Researchers are fanning out across the Greenland ice sheet this month to explore a crucial, but overlooked, influence on its future: red, green and brown-coloured algal blooms. These darken the snow and ice, causing it to absorb more sunlight and melt faster.
The £3-million (US$4-million) Black and Bloom project aims to measure how algae are changing how much sunlight Greenland’s ice sheet bounces back into space. “We want to get a handle on just how much of the darkness is due to microbes and how much to other physical factors”, such as soot or mineral dust, says Martyn Tranter, a biogeochemist at the University of Bristol, UK, and the project’s principal investigator.
Team scientists arrived near Kangerlussuaq, Greenland, this week for 6 weeks of observations. The work will continue for two more summers, exploring different parts of the ice sheet. Ultimately, the scientists hope to develop the first deep understanding of how biological processes affect Greenland’s reflectivity.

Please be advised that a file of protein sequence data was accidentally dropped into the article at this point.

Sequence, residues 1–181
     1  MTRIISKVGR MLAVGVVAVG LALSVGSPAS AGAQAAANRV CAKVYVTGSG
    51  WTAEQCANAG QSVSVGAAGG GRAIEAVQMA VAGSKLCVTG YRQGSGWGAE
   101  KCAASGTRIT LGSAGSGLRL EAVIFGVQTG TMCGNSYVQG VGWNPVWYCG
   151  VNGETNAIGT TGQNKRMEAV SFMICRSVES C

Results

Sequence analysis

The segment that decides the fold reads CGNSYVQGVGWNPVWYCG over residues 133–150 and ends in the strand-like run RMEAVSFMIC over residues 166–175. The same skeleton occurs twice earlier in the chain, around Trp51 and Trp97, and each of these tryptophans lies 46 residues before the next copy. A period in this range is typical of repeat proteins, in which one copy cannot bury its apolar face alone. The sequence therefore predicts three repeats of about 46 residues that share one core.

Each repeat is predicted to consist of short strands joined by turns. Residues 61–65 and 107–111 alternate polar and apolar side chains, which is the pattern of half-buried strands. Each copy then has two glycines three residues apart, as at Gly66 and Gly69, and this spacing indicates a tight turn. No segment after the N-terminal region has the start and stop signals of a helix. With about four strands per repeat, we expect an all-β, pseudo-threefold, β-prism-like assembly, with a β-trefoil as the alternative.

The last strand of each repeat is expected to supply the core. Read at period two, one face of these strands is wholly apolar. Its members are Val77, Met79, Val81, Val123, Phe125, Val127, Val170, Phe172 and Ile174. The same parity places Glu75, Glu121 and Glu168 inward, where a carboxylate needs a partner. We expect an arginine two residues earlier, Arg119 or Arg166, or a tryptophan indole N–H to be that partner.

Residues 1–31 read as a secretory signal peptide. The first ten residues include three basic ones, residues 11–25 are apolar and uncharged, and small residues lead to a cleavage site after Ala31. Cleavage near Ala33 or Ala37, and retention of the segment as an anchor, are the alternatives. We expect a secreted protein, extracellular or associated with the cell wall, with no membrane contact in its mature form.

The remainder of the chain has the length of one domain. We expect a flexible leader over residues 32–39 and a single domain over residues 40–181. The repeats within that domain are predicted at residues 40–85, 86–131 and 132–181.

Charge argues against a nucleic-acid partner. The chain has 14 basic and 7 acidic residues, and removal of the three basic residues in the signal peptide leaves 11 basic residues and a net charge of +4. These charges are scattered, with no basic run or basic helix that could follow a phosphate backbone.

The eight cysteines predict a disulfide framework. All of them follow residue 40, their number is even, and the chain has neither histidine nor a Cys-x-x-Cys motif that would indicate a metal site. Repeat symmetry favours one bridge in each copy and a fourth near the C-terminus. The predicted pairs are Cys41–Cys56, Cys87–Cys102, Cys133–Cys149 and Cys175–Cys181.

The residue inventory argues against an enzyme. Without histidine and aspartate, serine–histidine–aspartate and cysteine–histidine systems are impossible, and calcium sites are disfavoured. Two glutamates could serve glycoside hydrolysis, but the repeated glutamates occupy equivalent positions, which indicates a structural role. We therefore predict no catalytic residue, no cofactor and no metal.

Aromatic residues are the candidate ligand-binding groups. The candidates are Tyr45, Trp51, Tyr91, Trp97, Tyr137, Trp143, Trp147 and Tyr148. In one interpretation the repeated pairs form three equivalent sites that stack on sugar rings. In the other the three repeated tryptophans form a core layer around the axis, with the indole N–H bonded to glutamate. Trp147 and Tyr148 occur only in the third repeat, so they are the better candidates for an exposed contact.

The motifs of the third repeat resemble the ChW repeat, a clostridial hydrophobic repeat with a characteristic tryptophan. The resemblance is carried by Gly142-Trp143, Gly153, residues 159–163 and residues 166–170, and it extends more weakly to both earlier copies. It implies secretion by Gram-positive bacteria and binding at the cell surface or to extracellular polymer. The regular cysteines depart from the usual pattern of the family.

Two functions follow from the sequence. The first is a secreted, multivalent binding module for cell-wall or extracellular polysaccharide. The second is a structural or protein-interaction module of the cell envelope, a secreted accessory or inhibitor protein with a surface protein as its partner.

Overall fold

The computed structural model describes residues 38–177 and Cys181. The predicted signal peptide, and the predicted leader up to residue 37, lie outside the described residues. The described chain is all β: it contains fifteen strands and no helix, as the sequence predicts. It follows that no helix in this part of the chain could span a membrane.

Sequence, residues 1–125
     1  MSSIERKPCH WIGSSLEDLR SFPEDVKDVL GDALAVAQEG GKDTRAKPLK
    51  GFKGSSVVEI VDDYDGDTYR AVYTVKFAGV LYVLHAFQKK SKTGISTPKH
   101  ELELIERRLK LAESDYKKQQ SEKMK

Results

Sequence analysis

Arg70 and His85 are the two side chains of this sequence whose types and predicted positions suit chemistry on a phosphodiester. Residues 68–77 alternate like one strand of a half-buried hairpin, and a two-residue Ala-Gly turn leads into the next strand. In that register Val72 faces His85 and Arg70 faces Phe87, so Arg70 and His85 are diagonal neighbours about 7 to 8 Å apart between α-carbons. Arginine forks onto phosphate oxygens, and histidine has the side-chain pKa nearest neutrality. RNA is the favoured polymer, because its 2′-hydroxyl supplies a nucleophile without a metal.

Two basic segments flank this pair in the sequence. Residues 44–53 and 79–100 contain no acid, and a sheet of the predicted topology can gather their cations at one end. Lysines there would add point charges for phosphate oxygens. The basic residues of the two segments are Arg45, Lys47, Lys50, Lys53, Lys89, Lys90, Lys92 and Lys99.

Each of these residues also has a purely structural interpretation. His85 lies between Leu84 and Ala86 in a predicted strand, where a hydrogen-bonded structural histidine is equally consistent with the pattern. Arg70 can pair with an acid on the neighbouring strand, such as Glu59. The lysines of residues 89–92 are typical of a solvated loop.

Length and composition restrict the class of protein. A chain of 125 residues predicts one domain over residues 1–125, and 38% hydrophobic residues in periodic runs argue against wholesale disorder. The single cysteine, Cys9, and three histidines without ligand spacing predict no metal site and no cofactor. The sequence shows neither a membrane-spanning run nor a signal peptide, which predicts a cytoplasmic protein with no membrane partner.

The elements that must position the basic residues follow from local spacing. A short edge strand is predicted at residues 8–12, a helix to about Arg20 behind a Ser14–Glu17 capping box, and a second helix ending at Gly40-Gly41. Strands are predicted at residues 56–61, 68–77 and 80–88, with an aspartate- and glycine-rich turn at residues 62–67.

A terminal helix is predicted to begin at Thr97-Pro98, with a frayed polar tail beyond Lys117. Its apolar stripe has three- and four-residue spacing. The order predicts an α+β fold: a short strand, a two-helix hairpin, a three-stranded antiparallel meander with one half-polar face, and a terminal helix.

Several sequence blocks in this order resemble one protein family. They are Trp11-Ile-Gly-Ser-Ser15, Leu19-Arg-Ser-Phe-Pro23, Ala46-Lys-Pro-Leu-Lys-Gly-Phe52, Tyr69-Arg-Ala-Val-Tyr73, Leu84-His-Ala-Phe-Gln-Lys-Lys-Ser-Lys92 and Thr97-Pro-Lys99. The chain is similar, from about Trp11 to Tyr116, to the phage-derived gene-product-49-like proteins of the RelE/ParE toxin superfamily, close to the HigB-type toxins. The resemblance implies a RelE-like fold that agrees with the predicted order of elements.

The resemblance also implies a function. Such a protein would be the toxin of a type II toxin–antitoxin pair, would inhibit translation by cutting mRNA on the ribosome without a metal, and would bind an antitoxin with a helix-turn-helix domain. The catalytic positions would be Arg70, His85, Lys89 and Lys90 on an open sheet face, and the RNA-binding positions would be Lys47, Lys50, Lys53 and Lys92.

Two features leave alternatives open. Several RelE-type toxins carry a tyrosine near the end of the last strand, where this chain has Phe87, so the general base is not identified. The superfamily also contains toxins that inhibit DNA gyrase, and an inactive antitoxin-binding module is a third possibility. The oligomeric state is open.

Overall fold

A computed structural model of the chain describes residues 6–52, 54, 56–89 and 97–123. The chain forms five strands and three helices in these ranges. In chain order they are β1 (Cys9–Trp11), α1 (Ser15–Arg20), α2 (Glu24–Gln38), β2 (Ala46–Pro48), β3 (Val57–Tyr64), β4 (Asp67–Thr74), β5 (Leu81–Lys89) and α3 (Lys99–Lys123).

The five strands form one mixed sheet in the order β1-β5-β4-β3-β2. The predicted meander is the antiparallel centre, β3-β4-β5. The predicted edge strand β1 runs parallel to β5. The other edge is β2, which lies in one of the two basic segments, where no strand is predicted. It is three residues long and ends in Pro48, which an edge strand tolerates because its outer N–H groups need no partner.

From these results, climate modellers should be able to improve their estimates of how the ice sheet — which contains enough water to raise sea levels by seven metres — is likely to melt in the coming decades. The past several years, as well as the current one, have seen temperature and melting records set across Greenland.
Black and Bloom will provide “a one-of-a-kind dataset” to help researchers better understand Greenland’s future, says Marco Tedesco, a geophysicist at the Lamont-Doherty Earth Observatory in Palisades, New York.
Tranter adds that the work could also affect predictions of water supplies in other areas, such as the Himalayas, where algal blooms dot water-producing glaciers.
For decades, most studies on Greenland microbiology focused on cryoconite holes, small pits on the surface of the ice sheet that …